Detroit City Council won't vote yet on Belle Isle lease

Published On: Jan 30 2013 05:06:14 PM EST
Updated On: Jan 29 2013 05:47:22 PM EST
Belle isle22
DETROIT -

The Detroit City Council voted 6-3 Tuesday to table a vote on a plan that would lease Belle Isle to the state.  

Several councilpersons argued to get the vote done.

“It’s time to put this to rest,” said Councilman James Tate.

But others said too many questions were left unanswered and special considerations need to be taken with something that has such historic ties to the area.

JoAnn Watson

“The city of Detroit has not just been gifted this island, the city residents pay for it and it is owned by the city. It’s a great public space,” said Councilwoman JoAnn Watson. “It would be a travesty for this council, for this mayor, to dispose of this – it’s not just a local treasure – it’s a national treasure.”

Watson said the Belle Isle plan is not related to the city’s money troubles.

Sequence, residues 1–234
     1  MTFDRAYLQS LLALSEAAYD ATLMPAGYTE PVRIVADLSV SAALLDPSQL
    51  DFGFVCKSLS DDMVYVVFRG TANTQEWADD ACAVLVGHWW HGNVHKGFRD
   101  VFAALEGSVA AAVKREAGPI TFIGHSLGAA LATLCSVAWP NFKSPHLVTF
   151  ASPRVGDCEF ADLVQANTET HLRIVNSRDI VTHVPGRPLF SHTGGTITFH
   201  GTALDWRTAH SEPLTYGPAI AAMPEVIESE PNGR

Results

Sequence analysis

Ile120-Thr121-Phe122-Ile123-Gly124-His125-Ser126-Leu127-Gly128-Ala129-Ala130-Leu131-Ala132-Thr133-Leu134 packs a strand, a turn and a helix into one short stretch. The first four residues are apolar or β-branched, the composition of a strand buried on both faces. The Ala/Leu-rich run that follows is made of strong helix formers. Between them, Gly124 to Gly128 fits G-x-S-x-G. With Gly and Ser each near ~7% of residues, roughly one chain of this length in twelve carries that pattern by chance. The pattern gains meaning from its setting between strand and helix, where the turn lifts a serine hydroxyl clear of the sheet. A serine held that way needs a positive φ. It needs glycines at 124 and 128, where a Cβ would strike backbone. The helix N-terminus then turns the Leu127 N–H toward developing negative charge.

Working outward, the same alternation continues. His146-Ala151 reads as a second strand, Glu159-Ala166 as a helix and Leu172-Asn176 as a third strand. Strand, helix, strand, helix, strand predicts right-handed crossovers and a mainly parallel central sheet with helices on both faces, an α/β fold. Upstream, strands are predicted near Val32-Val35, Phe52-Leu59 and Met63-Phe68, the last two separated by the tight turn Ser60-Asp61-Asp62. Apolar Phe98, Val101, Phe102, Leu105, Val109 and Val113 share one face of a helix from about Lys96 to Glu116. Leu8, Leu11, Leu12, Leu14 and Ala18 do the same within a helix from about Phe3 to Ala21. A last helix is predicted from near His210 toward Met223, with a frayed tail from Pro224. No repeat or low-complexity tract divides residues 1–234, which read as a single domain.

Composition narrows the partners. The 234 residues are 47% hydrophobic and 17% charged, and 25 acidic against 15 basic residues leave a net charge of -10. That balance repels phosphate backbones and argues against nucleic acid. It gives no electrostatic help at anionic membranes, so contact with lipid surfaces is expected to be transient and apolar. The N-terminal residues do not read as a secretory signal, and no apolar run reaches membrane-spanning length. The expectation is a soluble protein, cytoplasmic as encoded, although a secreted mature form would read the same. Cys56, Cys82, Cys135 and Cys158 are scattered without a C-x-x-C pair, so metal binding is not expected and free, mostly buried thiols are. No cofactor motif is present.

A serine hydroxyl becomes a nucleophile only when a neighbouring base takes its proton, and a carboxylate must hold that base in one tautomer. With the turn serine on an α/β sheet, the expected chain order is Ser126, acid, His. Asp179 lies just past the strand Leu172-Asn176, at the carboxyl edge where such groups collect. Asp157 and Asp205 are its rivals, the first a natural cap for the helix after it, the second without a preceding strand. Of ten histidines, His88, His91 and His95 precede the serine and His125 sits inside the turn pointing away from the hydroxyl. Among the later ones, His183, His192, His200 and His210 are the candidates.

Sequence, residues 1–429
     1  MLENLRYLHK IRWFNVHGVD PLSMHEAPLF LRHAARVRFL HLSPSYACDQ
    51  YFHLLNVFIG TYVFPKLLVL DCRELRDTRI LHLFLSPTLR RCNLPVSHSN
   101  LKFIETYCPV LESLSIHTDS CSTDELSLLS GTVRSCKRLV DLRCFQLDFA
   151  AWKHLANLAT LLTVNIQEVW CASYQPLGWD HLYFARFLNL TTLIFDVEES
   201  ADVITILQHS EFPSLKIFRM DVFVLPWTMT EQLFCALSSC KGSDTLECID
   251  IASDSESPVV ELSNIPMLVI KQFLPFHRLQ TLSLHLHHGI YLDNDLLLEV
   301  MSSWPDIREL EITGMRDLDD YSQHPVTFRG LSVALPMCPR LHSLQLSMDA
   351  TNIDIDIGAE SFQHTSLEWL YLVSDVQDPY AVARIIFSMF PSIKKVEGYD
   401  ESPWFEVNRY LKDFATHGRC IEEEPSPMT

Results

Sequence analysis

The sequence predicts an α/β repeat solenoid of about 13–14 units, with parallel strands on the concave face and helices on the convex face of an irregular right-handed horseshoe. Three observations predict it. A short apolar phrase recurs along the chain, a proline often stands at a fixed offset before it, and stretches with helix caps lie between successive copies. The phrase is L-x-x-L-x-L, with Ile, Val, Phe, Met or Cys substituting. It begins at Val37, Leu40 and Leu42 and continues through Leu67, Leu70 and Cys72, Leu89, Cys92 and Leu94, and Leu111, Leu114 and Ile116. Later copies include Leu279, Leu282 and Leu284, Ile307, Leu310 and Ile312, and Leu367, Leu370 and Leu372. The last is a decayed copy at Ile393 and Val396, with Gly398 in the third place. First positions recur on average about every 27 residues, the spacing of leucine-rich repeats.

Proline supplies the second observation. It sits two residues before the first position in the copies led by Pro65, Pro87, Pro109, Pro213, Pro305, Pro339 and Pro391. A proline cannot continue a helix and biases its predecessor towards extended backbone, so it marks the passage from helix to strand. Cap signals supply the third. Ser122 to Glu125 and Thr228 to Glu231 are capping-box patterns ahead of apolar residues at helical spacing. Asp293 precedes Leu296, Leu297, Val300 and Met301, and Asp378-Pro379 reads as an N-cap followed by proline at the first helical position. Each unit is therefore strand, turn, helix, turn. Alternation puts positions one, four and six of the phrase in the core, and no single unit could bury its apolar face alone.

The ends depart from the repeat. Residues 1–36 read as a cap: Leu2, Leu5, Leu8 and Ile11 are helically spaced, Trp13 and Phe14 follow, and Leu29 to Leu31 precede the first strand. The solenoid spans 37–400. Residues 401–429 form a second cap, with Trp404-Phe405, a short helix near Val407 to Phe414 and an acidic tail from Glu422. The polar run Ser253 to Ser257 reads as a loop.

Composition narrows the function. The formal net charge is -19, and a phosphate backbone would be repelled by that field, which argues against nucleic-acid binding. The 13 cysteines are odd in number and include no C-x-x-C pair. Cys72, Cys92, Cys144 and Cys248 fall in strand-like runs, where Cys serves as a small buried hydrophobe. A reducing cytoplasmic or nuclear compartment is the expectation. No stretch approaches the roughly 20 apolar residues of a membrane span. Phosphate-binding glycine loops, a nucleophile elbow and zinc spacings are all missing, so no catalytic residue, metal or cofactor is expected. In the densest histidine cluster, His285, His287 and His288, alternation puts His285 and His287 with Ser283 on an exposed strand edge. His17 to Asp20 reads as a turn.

“It has no relationship to the deficit. It has a relationship to people in high places who want a playground for the rich,” she said.

But, other council members didn't agree and said fixing Detroit's finances could be just what Belle Isle needs.

"This issue has become front and center even though the city is going to hell in a handbasket financially. A global fix is where we need to be focusing our energies because the reality is if we fix the city's finances, Belle Isle takes care of itself," said councilman Ken Cockrel, Jr.

The state had said it needed to know by the end of the month if the city was going to agree to the deal.

"I would like to see that the state would not go away upset if we vote this down, because right now we just left it in purgatory. It's not dead yet," said Detroit City Council President Charles Pugh.

Breakdown of vote

Pugh: No

Spivey: No

Tate: Yes

Watson: No

Brown: Yes

Cockrel: No

Jenkins: Yes

Jones: No

Kenyatta: No

About the proposed agreement

Under the proposed the lease agreement, the management would be handed over to the Department of Natural Resources, which would commit to spending state park funding to restore the island.

Pedestrians and bicyclists would be free to enter, but motorists would be required to have a $10 recreation passport which allows vehicles into all Michigan state parks.

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